Here we go again.Late last year, Warner Bros. was skewered after announcing that all of its new movies in 2021 would debut simultaneously on HBO Max and in theatres. Cinema operators, rival studios and even some of the filmmakers behind the movies wond…
Here we go again.
Late last year, Warner Bros. was skewered after announcing that all of its new movies in 2021 would debut simultaneously on HBO Max and in theatres. Cinema operators, rival studios and even some of the filmmakers behind the movies wondered aloud why, with the prospect of coronavirus vaccines looming, Warner Bros. would make such a sweeping decision? It was a move that appeared to wave the white flag on moviegoing for the next 12 months.
Nobody expected mass immunisation overnight, but with vaccinations being administered at a crawl in the US, it now looks like Warner Bros. may have been forward-thinking in acknowledging the box office's slow return. Numerous films remain on the release calendar for early 2021, yet cases of the virus in many areas are higher than ever and approximately 65% of US theatres — including those in popular markets like New York and Los Angeles — remain closed. Getting back to the movies in any normal fashion seems as unrealistic today as it did last March when cinemas across the nation were shuttered.
To be sure, the majority of potential blockbusters have already been postponed to mid-summer or later. But there are a handful of films scheduled for the first quarter of the year: Sony's Cinderella starring Camila Cabello (February 5), Disney and 20th Century's The King's Man (March 12) and Jared Leto's superhero thriller Morbius also from Sony (March 19), to name a few. These seem very unlikely to keep their theatrical release dates, at least without embracing some kind of hybrid digital or video-on-demand debut.
Even in traditional times, the stretch between January and March is kind of a cinematic dumping ground. So it's not entirely unexpected that the current release calendar doesn't pick up in a meaningful way until May, with the debuts of Disney and Marvel's Black Widow (May 7), Warner Bros. and Legendary's Godzilla vs Kong (May 21), Ryan Reynolds' Free Guy from 20th Century Studios (May 21), Paramount's Infinite starring Mark Wahlberg (May 28), Disney's Cruella with Emma Stone (May 28) and Universal's F9 (May 28). But many of these titles are expected to shift as well if conditions don't drastically improve in the next month or so.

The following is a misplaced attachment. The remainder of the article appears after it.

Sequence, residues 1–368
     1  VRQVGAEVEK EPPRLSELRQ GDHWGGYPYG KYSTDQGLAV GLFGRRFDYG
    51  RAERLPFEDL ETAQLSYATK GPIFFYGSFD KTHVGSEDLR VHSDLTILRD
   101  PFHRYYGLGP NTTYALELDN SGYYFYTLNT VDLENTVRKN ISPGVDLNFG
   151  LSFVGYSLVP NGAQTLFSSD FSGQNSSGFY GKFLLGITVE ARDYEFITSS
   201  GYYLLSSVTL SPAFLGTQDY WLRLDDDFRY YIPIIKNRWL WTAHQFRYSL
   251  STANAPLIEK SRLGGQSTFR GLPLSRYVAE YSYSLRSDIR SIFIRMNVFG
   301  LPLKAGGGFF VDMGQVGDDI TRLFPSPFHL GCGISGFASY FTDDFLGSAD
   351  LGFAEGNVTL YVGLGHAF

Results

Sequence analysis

Hollywood players will continue to take different approaches to operating and finding the best way to reach audiences during the pandemic. Disney, Warner Bros. and Universal appear more primed to ride out the next few months, with contingency plans that range from day-and-date releases on streaming services to accelerated premium video-on-demand windows. Neither Sony nor Paramount have a streaming service ready to offload titles, so those companies will probably continue to delay release dates or sell their movies to platforms like Netflix, Hulu and Amazon Prime. Paramount has auctioned off most of its upcoming movies and doesn't have anything on the horizon until A Quiet Place Part II on April 23, which it has no plans to sell.